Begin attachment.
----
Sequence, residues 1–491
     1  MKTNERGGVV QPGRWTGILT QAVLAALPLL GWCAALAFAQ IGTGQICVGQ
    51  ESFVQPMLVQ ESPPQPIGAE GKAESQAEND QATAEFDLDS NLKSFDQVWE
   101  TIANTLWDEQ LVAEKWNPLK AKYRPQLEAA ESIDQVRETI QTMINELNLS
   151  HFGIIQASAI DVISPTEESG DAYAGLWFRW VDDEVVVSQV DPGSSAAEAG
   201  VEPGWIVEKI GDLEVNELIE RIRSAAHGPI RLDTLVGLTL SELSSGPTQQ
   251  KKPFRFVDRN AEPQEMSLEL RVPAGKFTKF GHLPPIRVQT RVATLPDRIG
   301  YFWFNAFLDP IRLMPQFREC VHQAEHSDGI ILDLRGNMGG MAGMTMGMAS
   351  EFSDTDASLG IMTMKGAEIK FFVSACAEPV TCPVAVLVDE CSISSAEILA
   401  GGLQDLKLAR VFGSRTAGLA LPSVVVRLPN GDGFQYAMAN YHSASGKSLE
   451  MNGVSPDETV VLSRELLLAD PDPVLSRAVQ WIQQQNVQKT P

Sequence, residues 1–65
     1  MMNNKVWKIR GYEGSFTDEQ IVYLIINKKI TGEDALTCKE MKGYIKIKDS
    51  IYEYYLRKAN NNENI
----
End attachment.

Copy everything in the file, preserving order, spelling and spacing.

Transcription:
Sequence, residues 1–491
     1  MKTNERGGVV QPGRWTGILT QAVLAALPLL GWCAALAFAQ IGTGQICVGQ
    51  ESFVQPMLVQ ESPPQPIGAE GKAESQAEND QATAEFDLDS NLKSFDQVWE
   101  TIANTLWDEQ LVAEKWNPLK AKYRPQLEAA ESIDQVRETI QTMINELNLS
   151  HFGIIQASAI DVISPTEESG DAYAGLWFRW VDDEVVVSQV DPGSSAAEAG
   201  VEPGWIVEKI GDLEVNELIE RIRSAAHGPI RLDTLVGLTL SELSSGPTQQ
   251  KKPFRFVDRN AEPQEMSLEL RVPAGKFTKF GHLPPIRVQT RVATLPDRIG
   301  YFWFNAFLDP IRLMPQFREC VHQAEHSDGI ILDLRGNMGG MAGMTMGMAS
   351  EFSDTDASLG IMTMKGAEIK FFVSACAEPV TCPVAVLVDE CSISSAEILA
   401  GGLQDLKLAR VFGSRTAGLA LPSVVVRLPN GDGFQYAMAN YHSASGKSLE
   451  MNGVSPDETV VLSRELLLAD PDPVLSRAVQ WIQQQNVQKT P

Sequence, residues 1–65
     1  MMNNKVWKIR GYEGSFTDEQ IVYLIINKKI TGEDALTCKE MKGYIKIKDS
    51  IYEYYLRKAN NNENI